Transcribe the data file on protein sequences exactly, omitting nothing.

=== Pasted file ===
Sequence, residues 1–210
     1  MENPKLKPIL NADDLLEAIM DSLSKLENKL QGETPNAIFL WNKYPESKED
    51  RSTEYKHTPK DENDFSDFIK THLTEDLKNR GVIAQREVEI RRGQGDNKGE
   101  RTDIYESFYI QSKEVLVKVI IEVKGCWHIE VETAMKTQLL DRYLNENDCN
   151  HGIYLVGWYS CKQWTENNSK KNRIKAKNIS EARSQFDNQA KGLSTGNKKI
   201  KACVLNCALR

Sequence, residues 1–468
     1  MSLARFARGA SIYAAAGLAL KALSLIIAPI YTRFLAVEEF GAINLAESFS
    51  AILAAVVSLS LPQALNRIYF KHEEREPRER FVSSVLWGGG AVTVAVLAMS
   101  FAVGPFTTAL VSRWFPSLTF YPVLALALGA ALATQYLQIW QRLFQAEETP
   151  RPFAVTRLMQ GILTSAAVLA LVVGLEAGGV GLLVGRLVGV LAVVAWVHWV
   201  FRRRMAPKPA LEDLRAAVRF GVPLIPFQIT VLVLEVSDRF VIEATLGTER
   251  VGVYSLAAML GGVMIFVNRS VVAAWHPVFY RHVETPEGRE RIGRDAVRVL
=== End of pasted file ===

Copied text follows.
Sequence, residues 1–210
     1  MENPKLKPIL NADDLLEAIM DSLSKLENKL QGETPNAIFL WNKYPESKED
    51  RSTEYKHTPK DENDFSDFIK THLTEDLKNR GVIAQREVEI RRGQGDNKGE
   101  RTDIYESFYI QSKEVLVKVI IEVKGCWHIE VETAMKTQLL DRYLNENDCN
   151  HGIYLVGWYS CKQWTENNSK KNRIKAKNIS EARSQFDNQA KGLSTGNKKI
   201  KACVLNCALR

Sequence, residues 1–468
     1  MSLARFARGA SIYAAAGLAL KALSLIIAPI YTRFLAVEEF GAINLAESFS
    51  AILAAVVSLS LPQALNRIYF KHEEREPRER FVSSVLWGGG AVTVAVLAMS
   101  FAVGPFTTAL VSRWFPSLTF YPVLALALGA ALATQYLQIW QRLFQAEETP
   151  RPFAVTRLMQ GILTSAAVLA LVVGLEAGGV GLLVGRLVGV LAVVAWVHWV
   201  FRRRMAPKPA LEDLRAAVRF GVPLIPFQIT VLVLEVSDRF VIEATLGTER
   251  VGVYSLAAML GGVMIFVNRS VVAAWHPVFY RHVETPEGRE RIGRDAVRVL